Women Pre-Scripted explores the way ideas about women and their social roles changed during Korea's transformation into a modern society. Drawing on a wide range of materials published in periodicals—ideological debates, cartoons, literary works, cover illustrations, letters and confessions--the author shows how at different times between 1896 and 1934, the idea of modern womanhood transforms from virgin savior to mother of the nation to manager of modern family life and, finally, to an embodiment of the capitalist West, fully armed with sexuality and glamour.
Each chapter examines representative periodicals to explore how their content on a range of women's issues helped formulate and prescribe women's roles, defining what would later become appropriate knowledge for women in the new modern context. Lee shows how in various ways this prescribing was gendered, how it would sometimes promote the "modern" and at other times critique it. She offers a close look at primary sources not previously introduced in English, exploring the subject and genre of each work, the script used, and the way it categorized or defined a given women's issue. By identifying and dissecting the various agendas and agents behind the scenes, she is able to shed light on the complex and changing relationship between domesticity, gender, and modernity during Korea's transition to a modern state and its colonial occupation.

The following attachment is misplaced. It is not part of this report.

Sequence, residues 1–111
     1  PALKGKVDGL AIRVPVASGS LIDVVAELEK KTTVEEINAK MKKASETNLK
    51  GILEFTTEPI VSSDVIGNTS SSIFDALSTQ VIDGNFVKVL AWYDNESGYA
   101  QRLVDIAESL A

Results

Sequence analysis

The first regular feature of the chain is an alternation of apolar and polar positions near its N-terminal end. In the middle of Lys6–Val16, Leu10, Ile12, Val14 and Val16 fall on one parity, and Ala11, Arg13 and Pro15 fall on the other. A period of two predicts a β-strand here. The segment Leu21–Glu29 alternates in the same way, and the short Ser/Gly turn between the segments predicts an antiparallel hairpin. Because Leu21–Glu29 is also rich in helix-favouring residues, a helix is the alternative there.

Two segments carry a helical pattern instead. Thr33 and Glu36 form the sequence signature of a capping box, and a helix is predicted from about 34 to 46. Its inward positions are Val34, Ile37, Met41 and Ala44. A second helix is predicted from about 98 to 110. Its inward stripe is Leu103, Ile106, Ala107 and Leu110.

Women Pre-Scripted contributes to the swell of research on Asian women in recent years and expands our picture of a complex period. It will be of interest to scholars of Korean literature and history, East Asian literature, and others interested in women and gender within the context of colonial modernity.